BELGRADE – Zlatibor Trajkovic, Radmila Trajkovic’s husband, was burned by Albanians in Kosovo Polje on March 17 2004. In two-day violence more than 800 Serbian houses, 9 schools, 35 churches and monasteries, among which 18 cultural monuments, were burned and demolished writes “Vecernje Novosti”.

“That March 17, as if some evil was in the air. We Serbs, who remained in Kosovo Polje, unfortunately had no idea this would be fatal for all, and especially for my family.”

These are the words with which Radmila Trajkovic (70), whose husband Zlatibor (62) was burned by Albanians in Kosovo Polje, begins the story of the event which, as she said, she will not be able to forget for as long as she lives. The event she thinks about every day, but also dreams about almost every night even after 12 years.

“Although Albanians have attacked almost everything that was Serbian, we in Kosovo Polje until afternoon did not know what was happening in other communities,” said Radmila. “About an hour after noon Albanians began to gather in the streets, so my husband and I went to the house of our neighbour Zoran Grujic, where UNMIK policemen lived, because we believed we would be safer there. However, when after a few hours everything around us began to burn, and when we saw that the Health Center was in flames, my husband suggested we should run.”

And while they, holding hands, went out in the street, they were very quickly surrounded by Albanians, she said.

“They were like bees in a hive,” said Radmila. “We were surrounded on all sides, and they began beating Zlatibor almost immediately. In the crowd appeared Albanian neighbour who pulled my hand and somehow got me away from the crowd. Although I fought, because I wanted to stay with Zlatibor, he somehow managed to pull me away and drag me to the house where there were two brothers, their two sons, one of their wives and a six-month-old baby…”

And while she explains how her husband was poured with gasoline and set on fire as soon as they were separated, and he was completely conscious, Radmila said that she and her relatives with a six-month-old baby spent six hours hidden in a shed behind the house. KFOR members saved them during the night and drove to UNMIK station in Kosovo Polje, and then to the administrative crossing at Merdare. And the killers were still at large.

Radmila’s story reminds that exactly 12 years have passed since the greatest pogrom of Serbs in Kosovo. In only two days, March 17 and 18, Albanian extremists expelled more than four thousand people from their ancestral homes. 19 civilians were killed – eight Serbs and 11 Albanians killed in conflict with UNMIK and KFOR. Fatal balance included 935 injured. Before the “face” of the UN, which had the task of ensuring peace in Kosovo, six cities and nine Serbian villages were completely ethnically cleansed.

In the two-day wave of violence, more than 800 Serbian houses were burned and destroyed, nine schools, several Serbian cemeteries… In synchronized and massive attacks on everything Serbian in the province, which UNMIK described as “well organized and orchestrated”, Albanian extremists specifically attacked Serbian holy shrines, writes the daily. They destroyed as many as 35 churches and monasteries, among which 18 cultural monuments.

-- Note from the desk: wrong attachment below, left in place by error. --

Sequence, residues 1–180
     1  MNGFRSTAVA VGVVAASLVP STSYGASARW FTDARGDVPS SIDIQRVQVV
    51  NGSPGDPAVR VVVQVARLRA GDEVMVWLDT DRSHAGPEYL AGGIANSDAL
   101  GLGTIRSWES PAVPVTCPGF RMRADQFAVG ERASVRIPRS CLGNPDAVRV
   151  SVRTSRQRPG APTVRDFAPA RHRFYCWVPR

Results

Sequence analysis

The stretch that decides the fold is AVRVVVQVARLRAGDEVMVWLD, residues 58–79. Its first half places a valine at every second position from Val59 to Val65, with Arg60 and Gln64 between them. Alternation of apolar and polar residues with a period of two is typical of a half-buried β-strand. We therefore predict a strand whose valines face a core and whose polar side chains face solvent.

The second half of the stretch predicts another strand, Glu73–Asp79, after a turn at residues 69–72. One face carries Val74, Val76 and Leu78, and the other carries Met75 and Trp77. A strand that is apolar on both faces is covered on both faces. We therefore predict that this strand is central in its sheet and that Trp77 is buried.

“The March pogrom was planned and designed to expel the Serbs from Kosovo,” said Goran Rakic, mayor of northern Kosovska Mitrovica for “Vecernje Novosti”. “We must always remember this tragic event for entire Serbian nation, we must always remember and remind the international community that at the time almost nothing was done to protect Serbian population in the province.”

The motive for the attack was the campaign of Albanian media in which the Serbs from the village Zupce were accused of drowning two Albanian boys from the village of Cabra, near Zubin Potok, in the river of Ibar.

“UNMIK’s investigation quickly determined that the accusations were false,” said Slavko Simic, president of the list “Srpska” in the Kosovo Assembly. “Any kind of motive, even a non-existent one, was enough for the attack on the Serbs in the province. But it is terrible that the situation since then, when it comes to security, has not changed much.”

After the false news, several thousand Albanians went on foot from Pristina to Caglavica, until then inhabited mainly by Serbs. This was followed by protests of Albanians in the south part of Kosovska Mitrovica. Among the first victims were Borivoje Spasojevic (53) and Jana Tucev (36).

“Everything that happened that day, only strengthened our desire to stay in Kosovo and not allow Albanians to complete the ethnic cleansing and expulsion of Serbs from Kosovo,” remembers the son of killed Borivoje, Dragan Spasojevic (44).

He says that he does not intend to leave his ancestral home, he started a family and has a four-year-old girl.

Albanian attacks did not stop the next night, snipers in the surrounding hills and thrown bombs wounded several people. Serbs had tried to defend their homes. Caglavica was followed by attacks on Serbs in central Kosovo, Lipljan, Kosovo Polje, Obilic… A scene is remembered from Lipljan – at the eyes of immobile and sick mother at the doorstep, Nenad Vesic (46) was killed from automatic weapon.